I got such a nice surprise on my birthday a few weeks ago – no hot water when I went to have my shower in the morning. I’d had a lovely and peaceful start to the day – woke up with my cup of coffee and then a nice walk and came home to some pressies from the kids (my husband was away for work and had left very early in the morning) – but when I went to have a shower there was no hot water. At first I thought that one of the girls who’d just had a shower had probably used it all but quickly dismissed that idea because after a few minutes’ wait there was still no sign of hot water. Although it was summer I still didn’t feel like a cold shower so I decided to investigate.
Child No 2, who’d just finished her shower, immediately said that her shower had also been cold so I went to check that all the electricity and gas switches were turned on, which they were. There was absolutely no life at the hot water cylinder though, even after a few attempts to run some hot water. It wasn’t doing a thing and my chances of having a hot shower were rapidly diminishing. I couldn’t understand it because it was working absolutely fine the previous day. I sent my husband a text message asking him if he’d turned off the gas the previous evening, not really expecting a reply within shower-hour as he was driving to a work-site in the Pilbara, but I was covering all bases. At this point my Sherlock Holmes-mode had roused Child No 1 as well and he came outside where I was peering into the hot water cylinder and mentioned, very matter-of-factly, that Ironman had turned off the water, mains electricity and gas the previous evening while I was out to dinner with my girlfriends “because there was a weird noise in the house and they couldn’t work out what it was”. I was gobsmacked. An engineer and an engineer-in-training together were looking for the source of a strange noise in the house and went about it by turning off the water, mains and gas? It made my day just picturing them running around trying to locate this alien sound that’s invaded our house. The whole episode was becoming quite entertaining after all. In between my chuckling I asked whether they’d ended up finding the source of the noise. “Yes”, Child No 1 said, “it was the weather station”, which was of course followed by more chuckling on my part. Much more.
“But he turned it (the water, mains and gas) back on” Child No 1 added. Things were beginning to make a bit more sense and all the times I’d had to go out in the wind and rain in our previous house to try and light the pilot light for the hot water cylinder where it had gone out (directly in the path of the wind) while the man of the house was away for work and Murphy’s law was having a go at me, suddenly came in handy and I opened up the cover of the hot water cylinder, checked this particular model’s instructions for lighting the pilot light and followed them closely but to no avail. Nothing. No sound, no light, no gas, nothing. I repeated the process three times and gave up on the igniter, got some 10cm long matches, lay down flat on my side in my dressing gown in front of the system and repeated the process again with a match instead while Child No 1 held down the “Pilot light” button and after 30 long seconds I was all but ready to give up but decided to turn the switch from “Pilot light” to “On” anyway just in case of some miracle when suddenly: Voilà! We had a pilot light again! I was going to be able to have a hot shower after all so my sense of humour returned and I was again chuckling at the process of elimination that was followed to try to identify the source of the weird noise the previous evening. I was going to get some mileage out of this one.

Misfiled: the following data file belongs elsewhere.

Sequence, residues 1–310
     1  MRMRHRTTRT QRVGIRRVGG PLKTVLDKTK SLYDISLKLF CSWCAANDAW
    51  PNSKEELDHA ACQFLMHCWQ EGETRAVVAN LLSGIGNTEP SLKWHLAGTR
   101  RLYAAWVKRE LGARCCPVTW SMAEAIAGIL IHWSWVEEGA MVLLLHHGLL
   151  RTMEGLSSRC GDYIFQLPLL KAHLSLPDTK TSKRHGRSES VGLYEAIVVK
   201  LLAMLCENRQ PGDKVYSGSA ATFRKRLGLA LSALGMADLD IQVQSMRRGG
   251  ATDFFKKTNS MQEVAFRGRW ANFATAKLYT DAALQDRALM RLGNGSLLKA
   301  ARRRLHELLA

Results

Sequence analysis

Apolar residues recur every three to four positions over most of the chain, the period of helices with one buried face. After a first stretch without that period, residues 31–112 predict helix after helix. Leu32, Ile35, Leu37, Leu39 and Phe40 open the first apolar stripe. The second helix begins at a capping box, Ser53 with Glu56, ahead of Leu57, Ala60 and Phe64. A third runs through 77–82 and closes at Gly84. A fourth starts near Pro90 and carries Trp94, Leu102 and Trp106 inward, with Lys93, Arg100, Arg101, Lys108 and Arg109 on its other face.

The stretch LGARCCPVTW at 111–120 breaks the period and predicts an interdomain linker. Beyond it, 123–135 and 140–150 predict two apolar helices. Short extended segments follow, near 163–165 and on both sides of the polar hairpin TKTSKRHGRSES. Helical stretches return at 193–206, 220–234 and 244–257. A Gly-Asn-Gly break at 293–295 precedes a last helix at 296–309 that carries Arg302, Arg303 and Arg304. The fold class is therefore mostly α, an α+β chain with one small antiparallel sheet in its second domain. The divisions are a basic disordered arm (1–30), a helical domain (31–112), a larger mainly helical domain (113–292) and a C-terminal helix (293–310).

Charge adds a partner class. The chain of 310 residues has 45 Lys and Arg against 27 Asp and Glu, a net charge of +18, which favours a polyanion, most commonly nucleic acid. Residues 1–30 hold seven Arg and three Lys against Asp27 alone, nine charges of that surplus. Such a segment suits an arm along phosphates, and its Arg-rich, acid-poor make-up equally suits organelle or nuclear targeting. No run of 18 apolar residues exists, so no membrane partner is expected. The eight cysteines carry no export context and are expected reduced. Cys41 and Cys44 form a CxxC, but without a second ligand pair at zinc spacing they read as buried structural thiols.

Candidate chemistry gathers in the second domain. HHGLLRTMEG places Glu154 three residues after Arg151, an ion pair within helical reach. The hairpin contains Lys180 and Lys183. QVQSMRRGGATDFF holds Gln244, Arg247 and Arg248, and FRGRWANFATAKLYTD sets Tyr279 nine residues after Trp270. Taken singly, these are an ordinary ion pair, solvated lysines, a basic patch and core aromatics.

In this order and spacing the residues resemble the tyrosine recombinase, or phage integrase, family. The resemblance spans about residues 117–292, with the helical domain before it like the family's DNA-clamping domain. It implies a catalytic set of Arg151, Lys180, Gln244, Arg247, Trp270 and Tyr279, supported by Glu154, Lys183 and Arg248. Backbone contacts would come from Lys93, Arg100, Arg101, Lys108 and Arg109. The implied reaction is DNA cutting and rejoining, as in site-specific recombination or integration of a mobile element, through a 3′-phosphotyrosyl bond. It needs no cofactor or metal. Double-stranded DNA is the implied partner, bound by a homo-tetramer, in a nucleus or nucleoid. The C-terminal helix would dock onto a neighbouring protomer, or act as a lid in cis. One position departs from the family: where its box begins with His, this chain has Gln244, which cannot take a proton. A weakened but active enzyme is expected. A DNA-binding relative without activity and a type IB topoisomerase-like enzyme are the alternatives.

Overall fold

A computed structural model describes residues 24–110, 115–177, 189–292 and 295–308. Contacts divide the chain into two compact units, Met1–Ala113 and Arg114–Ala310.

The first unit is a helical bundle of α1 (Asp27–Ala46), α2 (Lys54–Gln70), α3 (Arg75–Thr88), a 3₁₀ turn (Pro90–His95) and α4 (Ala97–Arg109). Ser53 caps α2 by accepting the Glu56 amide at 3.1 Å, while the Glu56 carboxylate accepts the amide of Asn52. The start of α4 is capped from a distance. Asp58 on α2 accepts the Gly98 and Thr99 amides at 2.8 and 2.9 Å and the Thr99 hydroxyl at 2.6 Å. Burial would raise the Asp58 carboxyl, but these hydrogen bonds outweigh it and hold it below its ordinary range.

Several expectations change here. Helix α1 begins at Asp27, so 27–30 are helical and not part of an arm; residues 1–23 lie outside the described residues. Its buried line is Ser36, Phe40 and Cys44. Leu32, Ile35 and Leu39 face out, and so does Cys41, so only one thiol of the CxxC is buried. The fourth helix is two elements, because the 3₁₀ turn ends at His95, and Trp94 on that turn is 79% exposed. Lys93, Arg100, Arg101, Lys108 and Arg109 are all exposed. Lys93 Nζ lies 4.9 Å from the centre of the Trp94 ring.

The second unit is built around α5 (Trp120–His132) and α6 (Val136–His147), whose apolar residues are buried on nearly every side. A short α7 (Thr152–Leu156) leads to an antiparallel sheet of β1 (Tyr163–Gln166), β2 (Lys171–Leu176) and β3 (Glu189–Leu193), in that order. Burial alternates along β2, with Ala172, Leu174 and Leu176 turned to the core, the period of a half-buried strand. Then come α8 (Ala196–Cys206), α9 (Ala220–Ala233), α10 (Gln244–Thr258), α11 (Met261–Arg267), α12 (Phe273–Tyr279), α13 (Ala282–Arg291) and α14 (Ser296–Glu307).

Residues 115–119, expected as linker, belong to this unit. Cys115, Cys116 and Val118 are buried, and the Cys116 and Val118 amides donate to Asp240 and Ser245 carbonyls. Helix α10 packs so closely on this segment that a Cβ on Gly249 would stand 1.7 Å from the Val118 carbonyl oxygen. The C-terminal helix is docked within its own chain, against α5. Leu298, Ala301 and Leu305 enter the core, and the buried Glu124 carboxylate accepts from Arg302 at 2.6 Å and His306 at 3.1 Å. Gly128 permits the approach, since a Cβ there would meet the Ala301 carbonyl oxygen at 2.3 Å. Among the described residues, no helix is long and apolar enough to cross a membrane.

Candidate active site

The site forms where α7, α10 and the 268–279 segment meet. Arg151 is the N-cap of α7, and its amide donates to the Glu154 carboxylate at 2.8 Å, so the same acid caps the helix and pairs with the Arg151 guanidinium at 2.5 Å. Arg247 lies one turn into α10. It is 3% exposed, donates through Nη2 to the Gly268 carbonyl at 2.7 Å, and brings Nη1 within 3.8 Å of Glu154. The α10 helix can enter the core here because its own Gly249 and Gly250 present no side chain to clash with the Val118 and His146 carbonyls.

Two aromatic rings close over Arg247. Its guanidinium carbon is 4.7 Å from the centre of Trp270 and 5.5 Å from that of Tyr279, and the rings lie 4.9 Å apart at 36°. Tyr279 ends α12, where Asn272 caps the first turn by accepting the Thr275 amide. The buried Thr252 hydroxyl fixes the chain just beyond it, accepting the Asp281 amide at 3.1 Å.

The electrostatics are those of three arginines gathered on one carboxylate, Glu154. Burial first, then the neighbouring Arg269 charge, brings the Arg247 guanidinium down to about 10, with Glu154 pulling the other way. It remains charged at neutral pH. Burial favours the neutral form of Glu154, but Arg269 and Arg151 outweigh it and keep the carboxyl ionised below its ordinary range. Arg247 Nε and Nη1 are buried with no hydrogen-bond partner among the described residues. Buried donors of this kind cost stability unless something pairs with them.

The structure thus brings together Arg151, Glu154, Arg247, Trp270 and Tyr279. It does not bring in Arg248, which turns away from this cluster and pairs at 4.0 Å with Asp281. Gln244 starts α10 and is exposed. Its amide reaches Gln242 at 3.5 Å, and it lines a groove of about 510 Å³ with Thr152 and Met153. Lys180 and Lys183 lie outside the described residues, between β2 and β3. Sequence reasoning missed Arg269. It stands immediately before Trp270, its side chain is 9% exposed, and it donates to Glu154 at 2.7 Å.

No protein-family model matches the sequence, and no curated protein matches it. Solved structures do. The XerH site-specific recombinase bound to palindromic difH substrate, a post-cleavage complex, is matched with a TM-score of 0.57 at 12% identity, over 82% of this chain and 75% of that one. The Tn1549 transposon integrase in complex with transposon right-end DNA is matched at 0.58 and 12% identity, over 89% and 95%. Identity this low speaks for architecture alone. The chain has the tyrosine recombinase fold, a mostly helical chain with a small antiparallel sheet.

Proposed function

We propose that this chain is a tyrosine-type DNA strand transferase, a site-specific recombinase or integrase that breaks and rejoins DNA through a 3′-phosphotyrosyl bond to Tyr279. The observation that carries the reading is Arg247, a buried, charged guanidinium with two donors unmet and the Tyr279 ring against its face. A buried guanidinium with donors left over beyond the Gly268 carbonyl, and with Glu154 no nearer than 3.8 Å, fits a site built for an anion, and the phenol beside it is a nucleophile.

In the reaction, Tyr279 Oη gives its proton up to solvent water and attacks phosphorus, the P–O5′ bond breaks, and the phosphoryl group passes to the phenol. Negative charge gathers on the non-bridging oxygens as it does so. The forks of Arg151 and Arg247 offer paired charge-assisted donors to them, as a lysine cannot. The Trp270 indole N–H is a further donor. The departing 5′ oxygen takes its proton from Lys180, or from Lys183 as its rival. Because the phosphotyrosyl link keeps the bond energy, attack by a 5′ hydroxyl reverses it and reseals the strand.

It reminded me of the time when we were also trying to track down an unknown beeping sound in our previous house. My sister was visiting and the noise kept her awake at night. It came and went at what seemed like irregular intervals, but they were quite far apart so it took us a fair bit of time looking behind the washing machine, underneath the piano and other cupboards in the kitchen (we’d narrowed it down to that part of the house) because at that point we thought we were looking for a very elusive cricket. We’d wait for the sound and when it came, we’d run in that direction but it would stop as soon as we got closer so we’d have to wait for the next one again and we were getting a bit agitated at this cricket that was outplaying us at hide and seek. Eventually someone ended up being in the right place at the right time and we found it, but it wasn’t a cricket at all, it was the battery in the smoke alarm that was running low and causing it to make a very first-world, warning, beeping sound that none of us had encountered before. In a strange way it was comforting to know that we’d not been outwitted by a cricket though.
So as I listened to the story of this recent weird “buzzing” noise as it was defensively described – apparently the fact that it was buzzing made the noise very dangerous and intimidating – I couldn’t help but wonder why items in the house that use batteries weren’t considered possible sources given our previous experience with one of those, but that’s just me thinking like that. Of course it made much more sense to plunge the house in complete darkness and then try to look for the source of the noise, but at least they didn’t consider it an option to phone me and ask me if I knew what the noise was while I was out having dinner! Chuckle, chuckle.